The word “acupuncture” derived from two Latin words: “acus” which means needle and “puncture” means prick or penetrate. Thus, acupuncture procedure involves inserting tiny, hair-thin needles into specific points in the body, where they are gently stimulated with the intention to trigger the body’s natural healing response.
Many people are surprised to learn that acupuncture needles are extremely thin. They are not like hypodermic (injection) needles, which are big and hollow. Japanese ultra-thin needles called moshin-hair needles (0.10 – 0.12mm in diameter) which are thinner than regular acupuncture needles (0.22-0.30mm in diameter) and even thinner than human hair!
Acupuncture Needle and Push Pin Push Pin and Japanese Acupuncture Needle (0.10 mm. Needle diameter)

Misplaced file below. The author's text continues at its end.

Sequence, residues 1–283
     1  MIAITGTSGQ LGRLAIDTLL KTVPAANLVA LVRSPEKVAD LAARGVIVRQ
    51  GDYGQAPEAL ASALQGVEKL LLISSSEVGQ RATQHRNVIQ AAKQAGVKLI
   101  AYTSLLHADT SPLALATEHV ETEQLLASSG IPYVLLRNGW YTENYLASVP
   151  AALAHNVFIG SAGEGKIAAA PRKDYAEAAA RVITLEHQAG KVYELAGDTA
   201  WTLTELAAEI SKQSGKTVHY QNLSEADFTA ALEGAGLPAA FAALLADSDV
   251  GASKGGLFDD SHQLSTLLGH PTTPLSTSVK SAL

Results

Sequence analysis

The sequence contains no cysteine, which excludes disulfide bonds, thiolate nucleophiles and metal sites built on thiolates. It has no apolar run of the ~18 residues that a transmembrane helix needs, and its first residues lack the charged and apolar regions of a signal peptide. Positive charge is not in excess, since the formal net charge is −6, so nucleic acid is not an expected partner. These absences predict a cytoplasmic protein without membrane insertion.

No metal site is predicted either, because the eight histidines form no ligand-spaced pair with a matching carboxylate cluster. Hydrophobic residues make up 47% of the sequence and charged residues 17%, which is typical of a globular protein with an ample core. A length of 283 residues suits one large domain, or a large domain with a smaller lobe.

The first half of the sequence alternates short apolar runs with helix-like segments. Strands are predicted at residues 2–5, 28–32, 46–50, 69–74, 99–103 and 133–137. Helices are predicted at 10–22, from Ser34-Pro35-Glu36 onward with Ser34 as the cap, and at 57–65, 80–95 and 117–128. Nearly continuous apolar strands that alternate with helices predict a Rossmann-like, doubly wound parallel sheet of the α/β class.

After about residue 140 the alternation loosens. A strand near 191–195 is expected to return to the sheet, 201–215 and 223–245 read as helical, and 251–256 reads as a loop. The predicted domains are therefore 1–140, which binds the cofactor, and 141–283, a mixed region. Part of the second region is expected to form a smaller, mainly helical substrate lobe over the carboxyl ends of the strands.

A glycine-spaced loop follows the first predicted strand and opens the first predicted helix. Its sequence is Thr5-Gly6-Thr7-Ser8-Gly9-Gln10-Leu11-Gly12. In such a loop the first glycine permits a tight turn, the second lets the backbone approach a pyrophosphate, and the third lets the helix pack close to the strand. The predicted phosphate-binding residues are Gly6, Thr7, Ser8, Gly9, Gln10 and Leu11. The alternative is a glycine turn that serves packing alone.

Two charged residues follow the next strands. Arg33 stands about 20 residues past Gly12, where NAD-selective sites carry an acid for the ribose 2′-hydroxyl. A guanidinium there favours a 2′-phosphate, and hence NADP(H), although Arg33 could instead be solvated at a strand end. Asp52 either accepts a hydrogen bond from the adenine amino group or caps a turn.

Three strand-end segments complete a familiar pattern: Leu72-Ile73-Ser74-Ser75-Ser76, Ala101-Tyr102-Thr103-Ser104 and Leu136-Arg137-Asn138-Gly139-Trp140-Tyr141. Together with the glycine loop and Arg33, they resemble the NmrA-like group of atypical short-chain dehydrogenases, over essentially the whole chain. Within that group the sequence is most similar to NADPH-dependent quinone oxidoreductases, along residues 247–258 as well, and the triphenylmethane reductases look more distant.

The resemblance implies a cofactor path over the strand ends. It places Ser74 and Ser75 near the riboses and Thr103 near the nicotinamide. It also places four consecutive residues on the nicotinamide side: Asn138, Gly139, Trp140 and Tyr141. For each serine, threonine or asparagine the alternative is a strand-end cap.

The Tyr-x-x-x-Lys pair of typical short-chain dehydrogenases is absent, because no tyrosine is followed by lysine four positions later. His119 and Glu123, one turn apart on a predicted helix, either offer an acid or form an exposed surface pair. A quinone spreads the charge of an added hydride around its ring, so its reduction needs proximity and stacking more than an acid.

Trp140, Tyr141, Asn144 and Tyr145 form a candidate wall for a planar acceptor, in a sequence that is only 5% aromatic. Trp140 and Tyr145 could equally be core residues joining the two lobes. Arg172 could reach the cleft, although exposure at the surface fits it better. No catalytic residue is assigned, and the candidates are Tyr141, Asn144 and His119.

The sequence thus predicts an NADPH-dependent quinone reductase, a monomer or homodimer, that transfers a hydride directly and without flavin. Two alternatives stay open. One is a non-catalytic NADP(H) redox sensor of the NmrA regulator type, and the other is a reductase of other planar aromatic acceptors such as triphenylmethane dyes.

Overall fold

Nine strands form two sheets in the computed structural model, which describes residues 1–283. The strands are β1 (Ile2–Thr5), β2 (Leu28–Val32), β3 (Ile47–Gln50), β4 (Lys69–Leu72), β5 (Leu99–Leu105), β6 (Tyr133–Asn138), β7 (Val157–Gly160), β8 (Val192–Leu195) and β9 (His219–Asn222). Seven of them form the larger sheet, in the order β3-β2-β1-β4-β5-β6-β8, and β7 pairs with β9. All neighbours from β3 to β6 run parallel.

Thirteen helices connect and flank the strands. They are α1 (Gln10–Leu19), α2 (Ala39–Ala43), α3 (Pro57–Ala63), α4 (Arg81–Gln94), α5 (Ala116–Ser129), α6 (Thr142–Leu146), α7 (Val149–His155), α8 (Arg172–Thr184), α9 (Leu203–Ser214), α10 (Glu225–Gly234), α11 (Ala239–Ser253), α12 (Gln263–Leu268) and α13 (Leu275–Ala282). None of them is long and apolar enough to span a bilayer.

Nine types of needles are described in Lingshu (Miraculous Pivot) , namely, filiform needle, shear needle,round-pointed needle, spoon needle, lance needle,round-sharp needle, stiletto needle, long needle and big needle.
Ancient Acupuncture Needles
A type of fine needle of varying length most commonly used in performing acupuncture at present
A pricking instrument like an arrowhead with a sharp tip, the same as a chisel needle or sagittal needle
A cylindrical instrument with the shaft 1.6 cun long and an oval tip, used for massage on the body surface, the same as a rounded needle
An instrument with a thick shaft and a slightly sharp round tip used for pressing the meridians/channels
Another name for a three-edged needle, the same as a lancing needle